JERUSALEM, June 5 (JMCC) - Fresh from Friday prayers at the Al-Aqsa mosque, women led the protesters. Their voices were raucous with passion as they set the slogans, the Turkish flag flying high over the crowd.
Their message was support for the Turkey’s reaction to Monday’s Gaza flotilla
attacks, and with it, angry condemnation of other Arab governments’ lack of action.
Hundreds of people, young and old, joined the peaceful civil protest at Lion’s Gate in Jerusalem
’s Old City.
“We are against Mubarak and against Abdullah; we are against all the Arab leaders,” said one Palestinian protester, “They have not done anything.”
SUPPORT FOR TURKEY
The Turkish government reacted strongly to the Israeli navy’s Monday raid of a Turkish-flagged Gaza
bound aid ship and killing of nine activists. In the six days since the attack, relations between it and the Israeli government have become increasingly tense.
On Friday Turkish Deputy Prime Minister Bulent Arinc announced that ties with Israel
may be reduced to a minimum.
This Turkish response is popular among Palestinians. “From Jerusalem to Istanbul, we are with you,” Friday's protesters chanted.
“All of us support the Turkish government because of its humanitarian help and all the people coming from Europe to help the Palestinians” said Mohammed, who attended the protest.
A WEAKENING AUTHORITY
Frustration was also directed at the Palestinian Authority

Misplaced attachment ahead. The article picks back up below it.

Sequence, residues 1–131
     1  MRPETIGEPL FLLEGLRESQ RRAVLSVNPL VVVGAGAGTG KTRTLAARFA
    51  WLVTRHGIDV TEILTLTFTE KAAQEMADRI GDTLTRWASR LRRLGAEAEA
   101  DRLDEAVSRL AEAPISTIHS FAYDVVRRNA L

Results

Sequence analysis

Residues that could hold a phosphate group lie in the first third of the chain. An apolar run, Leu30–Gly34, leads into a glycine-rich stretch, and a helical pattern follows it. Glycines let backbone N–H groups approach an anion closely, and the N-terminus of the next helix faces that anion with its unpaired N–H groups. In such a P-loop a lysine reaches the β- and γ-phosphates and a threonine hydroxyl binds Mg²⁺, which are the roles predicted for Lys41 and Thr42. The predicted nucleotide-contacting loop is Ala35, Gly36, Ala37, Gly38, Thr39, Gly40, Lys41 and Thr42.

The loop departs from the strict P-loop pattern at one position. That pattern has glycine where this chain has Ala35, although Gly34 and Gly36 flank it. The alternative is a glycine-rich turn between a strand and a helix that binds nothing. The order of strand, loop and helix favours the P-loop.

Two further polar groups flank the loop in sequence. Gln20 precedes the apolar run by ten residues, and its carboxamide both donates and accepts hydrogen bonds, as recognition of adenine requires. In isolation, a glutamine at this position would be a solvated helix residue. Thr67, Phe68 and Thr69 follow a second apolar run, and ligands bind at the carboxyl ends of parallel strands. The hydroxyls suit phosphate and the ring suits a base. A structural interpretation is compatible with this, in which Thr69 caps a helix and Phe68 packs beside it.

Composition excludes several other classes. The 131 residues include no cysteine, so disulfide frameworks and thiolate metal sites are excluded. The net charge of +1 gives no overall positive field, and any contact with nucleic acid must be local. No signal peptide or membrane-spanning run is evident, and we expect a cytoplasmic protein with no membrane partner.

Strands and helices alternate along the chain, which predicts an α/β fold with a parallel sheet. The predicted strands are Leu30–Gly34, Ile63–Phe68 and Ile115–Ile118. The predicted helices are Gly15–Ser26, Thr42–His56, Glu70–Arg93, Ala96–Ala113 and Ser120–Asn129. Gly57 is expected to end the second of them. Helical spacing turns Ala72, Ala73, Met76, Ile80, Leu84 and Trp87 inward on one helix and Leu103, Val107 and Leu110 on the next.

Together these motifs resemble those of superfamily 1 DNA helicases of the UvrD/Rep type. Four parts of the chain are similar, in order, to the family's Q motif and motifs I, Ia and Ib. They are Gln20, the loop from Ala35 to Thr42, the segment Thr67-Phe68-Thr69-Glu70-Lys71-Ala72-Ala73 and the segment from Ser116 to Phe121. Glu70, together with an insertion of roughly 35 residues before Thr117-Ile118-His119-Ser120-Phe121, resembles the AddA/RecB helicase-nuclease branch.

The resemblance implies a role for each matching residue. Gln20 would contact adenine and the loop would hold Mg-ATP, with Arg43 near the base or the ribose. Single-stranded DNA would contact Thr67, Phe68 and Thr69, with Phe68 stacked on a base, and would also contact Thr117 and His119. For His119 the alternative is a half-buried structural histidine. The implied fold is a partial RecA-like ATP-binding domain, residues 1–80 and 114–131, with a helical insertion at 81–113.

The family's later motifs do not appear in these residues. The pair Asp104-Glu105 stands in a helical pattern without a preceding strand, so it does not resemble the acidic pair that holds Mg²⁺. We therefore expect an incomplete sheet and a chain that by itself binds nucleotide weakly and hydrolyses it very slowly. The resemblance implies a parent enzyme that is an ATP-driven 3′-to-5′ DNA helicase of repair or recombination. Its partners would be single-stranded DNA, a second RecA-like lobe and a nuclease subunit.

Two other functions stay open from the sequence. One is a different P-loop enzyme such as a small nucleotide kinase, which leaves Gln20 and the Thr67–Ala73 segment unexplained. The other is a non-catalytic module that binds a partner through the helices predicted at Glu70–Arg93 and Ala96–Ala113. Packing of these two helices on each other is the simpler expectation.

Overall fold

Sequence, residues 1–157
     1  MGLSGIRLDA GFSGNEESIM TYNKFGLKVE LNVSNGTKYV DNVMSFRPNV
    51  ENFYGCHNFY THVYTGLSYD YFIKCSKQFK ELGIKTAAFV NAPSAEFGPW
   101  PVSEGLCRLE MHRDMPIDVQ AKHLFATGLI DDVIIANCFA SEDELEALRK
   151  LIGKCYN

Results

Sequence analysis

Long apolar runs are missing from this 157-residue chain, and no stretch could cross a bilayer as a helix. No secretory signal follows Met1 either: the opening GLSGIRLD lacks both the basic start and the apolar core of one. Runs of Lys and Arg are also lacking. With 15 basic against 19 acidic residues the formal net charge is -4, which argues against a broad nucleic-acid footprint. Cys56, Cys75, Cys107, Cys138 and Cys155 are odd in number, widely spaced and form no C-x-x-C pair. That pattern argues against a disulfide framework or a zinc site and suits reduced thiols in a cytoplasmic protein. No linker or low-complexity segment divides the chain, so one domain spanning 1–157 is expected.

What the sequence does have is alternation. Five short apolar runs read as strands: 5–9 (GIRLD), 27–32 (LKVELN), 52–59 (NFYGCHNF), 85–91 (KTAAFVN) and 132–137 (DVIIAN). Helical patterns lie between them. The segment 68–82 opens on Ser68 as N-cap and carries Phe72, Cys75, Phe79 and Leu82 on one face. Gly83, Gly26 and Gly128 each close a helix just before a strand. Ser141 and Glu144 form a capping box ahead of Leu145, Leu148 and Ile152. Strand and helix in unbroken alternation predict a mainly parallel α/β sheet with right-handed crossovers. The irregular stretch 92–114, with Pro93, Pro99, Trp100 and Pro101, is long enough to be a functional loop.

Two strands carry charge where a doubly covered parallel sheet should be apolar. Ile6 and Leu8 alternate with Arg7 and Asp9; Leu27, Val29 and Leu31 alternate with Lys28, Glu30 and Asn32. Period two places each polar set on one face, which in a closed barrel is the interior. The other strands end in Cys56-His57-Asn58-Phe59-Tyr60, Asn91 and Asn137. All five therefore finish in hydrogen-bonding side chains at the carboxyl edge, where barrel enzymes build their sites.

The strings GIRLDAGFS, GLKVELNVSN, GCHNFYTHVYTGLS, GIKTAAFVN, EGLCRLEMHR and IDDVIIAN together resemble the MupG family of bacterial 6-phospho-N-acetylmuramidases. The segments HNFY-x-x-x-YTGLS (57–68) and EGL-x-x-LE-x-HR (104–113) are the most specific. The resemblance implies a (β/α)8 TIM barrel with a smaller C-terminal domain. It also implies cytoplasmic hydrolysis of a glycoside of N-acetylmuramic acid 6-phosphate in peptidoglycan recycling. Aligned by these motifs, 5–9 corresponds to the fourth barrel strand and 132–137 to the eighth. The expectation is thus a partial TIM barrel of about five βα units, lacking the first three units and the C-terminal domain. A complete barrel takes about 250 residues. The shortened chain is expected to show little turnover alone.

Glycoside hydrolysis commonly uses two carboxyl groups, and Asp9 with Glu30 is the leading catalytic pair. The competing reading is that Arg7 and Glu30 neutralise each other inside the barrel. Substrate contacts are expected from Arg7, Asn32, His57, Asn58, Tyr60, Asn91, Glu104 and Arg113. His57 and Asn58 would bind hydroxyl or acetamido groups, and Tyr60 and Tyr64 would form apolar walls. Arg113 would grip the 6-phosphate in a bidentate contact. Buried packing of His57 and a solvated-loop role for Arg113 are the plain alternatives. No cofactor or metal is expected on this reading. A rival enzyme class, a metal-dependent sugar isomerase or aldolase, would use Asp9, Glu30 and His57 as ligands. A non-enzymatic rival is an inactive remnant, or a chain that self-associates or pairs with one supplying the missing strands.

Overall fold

’s suppression of planned strikes in Ramallah on Thursday.
“Everywhere in the world is protesting except for in the West Bank
-- it should be the opposite way round,” said Yussam, who came to pray at the Al Aqsa Mosque with the Turkish flag hidden in his gown for the protest. “If you can’t protest, you can’t express your opinion,” he said.
Concerned about demonstrations over the flotilla attack, and the eve of the 43rd anniversary of the 1967 war, Israel closed the Al Aqsa mosque to male Palestinians below the age of forty.
The old city was thick with policemen and soldiers. ID cards were checked at Damascus Gate, leaving frustrated young men to pray by police barriers. Fights broke out at the Muslim entrance to Haram al-Sharif, as the crowd surged.
Omar Al-Shoubaki lives in Jordan and came to Israel to pray. “I applied weeks before to obtain this permit from the Israelis, and today they will not let me enter,” he said.
Frustration and nervous tension was evident. Nonetheless the violence expected by Israeli police, evident in the heavy military presence, never materialized.